Fifteen years ago, Brian Marcaurelle was a new graduate of the Yale School of Forestry & Environmental Studies, and newly returned to Maine.

He’d earned his undergraduate degree from Bowdoin College, in biology and environmental studies. His wife had secured a job and needed the couple’s only car, so he began to volunteer for “anything I could walk or bike to,” he recalled. “It seemed like a better use of my time than sitting at a computer terminal hitting refresh on the job search.”

He stopped by the Portland office of the Maine Island Trails Association, a nonprofit that has developed a 375-mile water trail along the coast – think Appalachian Trail for boaters. “The joke is he walked up the fire escape, he couldn’t find the front door, and he pounded on the (emergency) door,” said Doug Welch, the organization’s executive director. Marcaurelle started as a volunteer but within a few months was hired for his first –and still only – full-time job. Today, he is MITA’s program director and “the heart and soul of our program,” said Welch, who nominated Marcaurelle for a Source Sustainability Award. He is our 2019 Purifier award winner.

Brian Marcaurelle poses for a portrait near the office of the Maine Island Trails Association, where he serves as program director. Ben McCanna/Staff Photographer

Under Marcaurelle’s “steady hand,” Welch wrote in the nomination, “the Maine Island Trail has grown from 30 original islands to 234. Over 15 years, Brian has enabled countless thousands of Mainers and visitors to experience Maine’s wild islands first-hand. By providing island access, Brian inspires people to care about these truly precious places and support the organization’s stewardship work.”

Marcaurelle, 39, who lives in Cumberland with his wife and 4-year-old son, has loved the out-of-doors since childhood. He was the sort of boy who disappeared for hours at a stretch in the woods behind his home, building forts and searching for tadpoles. In college, he led mountain hikes for Bowdoin. Boating came later. He learned to operate a boat during his first summer at MITA, a “trial by fire,” he said.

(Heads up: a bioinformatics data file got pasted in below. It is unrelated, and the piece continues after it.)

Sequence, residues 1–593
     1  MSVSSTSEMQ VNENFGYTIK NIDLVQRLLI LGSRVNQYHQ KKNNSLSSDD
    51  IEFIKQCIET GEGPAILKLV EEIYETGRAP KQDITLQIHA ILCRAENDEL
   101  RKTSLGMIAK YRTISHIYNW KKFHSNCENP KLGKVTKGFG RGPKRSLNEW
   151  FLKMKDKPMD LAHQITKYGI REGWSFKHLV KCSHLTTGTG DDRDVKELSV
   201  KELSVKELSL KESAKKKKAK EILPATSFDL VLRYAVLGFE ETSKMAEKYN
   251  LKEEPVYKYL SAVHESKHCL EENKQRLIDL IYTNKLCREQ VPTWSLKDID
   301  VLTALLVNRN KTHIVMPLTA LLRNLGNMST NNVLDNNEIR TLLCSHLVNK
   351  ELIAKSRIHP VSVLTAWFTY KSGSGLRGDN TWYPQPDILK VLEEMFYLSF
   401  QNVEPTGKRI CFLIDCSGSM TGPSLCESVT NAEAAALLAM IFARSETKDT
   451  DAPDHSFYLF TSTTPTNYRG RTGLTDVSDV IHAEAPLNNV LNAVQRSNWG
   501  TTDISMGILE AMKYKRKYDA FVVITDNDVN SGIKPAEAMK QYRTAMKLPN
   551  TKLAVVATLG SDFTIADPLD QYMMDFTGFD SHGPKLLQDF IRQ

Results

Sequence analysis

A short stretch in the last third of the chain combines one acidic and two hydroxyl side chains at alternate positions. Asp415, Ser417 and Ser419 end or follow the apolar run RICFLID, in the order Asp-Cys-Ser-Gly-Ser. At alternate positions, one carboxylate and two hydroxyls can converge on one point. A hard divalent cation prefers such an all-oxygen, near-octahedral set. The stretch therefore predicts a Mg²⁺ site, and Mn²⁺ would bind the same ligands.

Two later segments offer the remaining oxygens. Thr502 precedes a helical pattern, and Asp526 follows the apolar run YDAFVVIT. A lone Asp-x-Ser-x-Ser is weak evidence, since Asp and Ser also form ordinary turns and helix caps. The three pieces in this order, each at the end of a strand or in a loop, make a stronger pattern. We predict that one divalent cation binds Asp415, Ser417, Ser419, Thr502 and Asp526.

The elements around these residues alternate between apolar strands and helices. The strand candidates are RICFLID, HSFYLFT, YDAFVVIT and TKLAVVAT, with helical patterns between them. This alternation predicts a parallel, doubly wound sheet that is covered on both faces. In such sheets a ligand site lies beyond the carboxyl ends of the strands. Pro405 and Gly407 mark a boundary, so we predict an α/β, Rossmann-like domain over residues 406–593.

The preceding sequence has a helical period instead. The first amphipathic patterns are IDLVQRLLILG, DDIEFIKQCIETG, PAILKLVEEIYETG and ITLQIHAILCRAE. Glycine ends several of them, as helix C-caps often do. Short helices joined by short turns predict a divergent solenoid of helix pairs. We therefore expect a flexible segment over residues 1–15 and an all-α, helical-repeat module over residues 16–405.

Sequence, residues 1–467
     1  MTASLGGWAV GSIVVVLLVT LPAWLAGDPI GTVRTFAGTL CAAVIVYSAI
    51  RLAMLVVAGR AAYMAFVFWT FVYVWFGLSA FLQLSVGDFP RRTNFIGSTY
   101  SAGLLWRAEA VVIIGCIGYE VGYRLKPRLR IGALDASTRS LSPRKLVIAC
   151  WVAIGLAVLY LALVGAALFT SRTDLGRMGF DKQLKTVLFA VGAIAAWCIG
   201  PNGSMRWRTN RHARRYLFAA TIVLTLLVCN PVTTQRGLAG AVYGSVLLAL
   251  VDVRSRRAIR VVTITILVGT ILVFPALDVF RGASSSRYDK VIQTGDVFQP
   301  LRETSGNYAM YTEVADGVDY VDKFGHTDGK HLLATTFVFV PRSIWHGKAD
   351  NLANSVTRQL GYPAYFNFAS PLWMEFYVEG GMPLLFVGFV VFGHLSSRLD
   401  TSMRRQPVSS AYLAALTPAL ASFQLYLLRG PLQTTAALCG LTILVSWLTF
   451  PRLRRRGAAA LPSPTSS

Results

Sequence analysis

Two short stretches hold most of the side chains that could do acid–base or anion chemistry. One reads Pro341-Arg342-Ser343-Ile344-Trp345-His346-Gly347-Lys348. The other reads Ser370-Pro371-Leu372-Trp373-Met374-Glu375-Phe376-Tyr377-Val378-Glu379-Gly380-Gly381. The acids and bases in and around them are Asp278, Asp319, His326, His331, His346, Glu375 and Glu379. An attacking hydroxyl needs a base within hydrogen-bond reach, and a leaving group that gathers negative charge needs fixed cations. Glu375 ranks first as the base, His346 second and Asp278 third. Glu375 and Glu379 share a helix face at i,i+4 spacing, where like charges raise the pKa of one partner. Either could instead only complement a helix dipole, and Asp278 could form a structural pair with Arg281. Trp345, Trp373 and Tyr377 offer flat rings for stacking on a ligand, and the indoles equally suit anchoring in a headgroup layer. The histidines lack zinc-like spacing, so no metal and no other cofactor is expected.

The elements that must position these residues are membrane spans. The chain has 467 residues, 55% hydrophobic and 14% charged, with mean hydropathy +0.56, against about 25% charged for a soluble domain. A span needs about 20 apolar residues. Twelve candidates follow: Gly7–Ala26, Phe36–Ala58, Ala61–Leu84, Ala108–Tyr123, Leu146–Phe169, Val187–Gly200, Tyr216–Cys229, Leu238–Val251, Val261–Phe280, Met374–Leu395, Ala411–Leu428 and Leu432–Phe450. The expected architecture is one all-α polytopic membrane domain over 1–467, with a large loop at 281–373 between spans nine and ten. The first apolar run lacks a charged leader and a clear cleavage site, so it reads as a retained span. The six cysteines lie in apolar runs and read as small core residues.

As program director, Marcaurelle oversees volunteer efforts to keep the islands clean, a task increasingly focused on deadly ocean-borne plastics. He thinks strategically about trail expansion. “There are over 3,200 islands off the coast of Maine, and there are only a few hundred on the Maine Island Trail so there is plenty of opportunity,” he said. He maintains and develops relationships with the nonprofits, government agencies and private landowners who own the islands and coastal areas that comprise the trail.

MITA offers stewardship of these wild places to their owners in exchange for permission that boaters may visit. Whether they come by kayak, sailboat or motorboat, visitors are expected to leave the island better than they found it. That arrangement simplifies his job. “It’s much easier for me to go in talking about a flexibile handshake agreement than it is for my land trust counterparts who want a permanent easement,” Marcaurelle said.

But his colleagues give him a lot of credit for the success of his approach. Welch describes Marcaurelle as dogged, quiet and patient. Adding a new island to the trail network can take years. “But he has a quiet determination and earns the trust of the landowner, and that’s what makes the whole thing work,” Welch said.

Stu Hadden, a volunteer monitor skipper with the nonprofit, seconded the assessment. “Brian is an extraordinarily delightful man to talk to. He’s just the most interesting guy. He’s very quiet, self-effacing. But you only need to talk to him for five minutes and you realize he is someone you can trust, someone with tremendous integrity. One of the key things about MITA is the relationship with the owners of the islands. Having somebody like Brian on the team is just gold.”

During an interview, Marcaurelle told about his favorite island (“the island I’m on at that moment”); a magical encounter with a whale; and plastics pollution (“the issue that motivates me more than any other”).

“I am super honored to be awarded this,” he said, “but I don’t feel like I can take credit for all of the great things MITA has done. MITA is an amazing organization made up of so many people who care deeply, whether they are staff or volunteers. I just happen to be the lucky one who has occupied this seat for 14 years. It’s a collective effort. Whether it’s marine plastics, or invasives or spreading the good word about leave-no-trace or low-impact boating, there are literally hundreds of individuals doing that on MITA’s behalf every year. I’m just one of them.”

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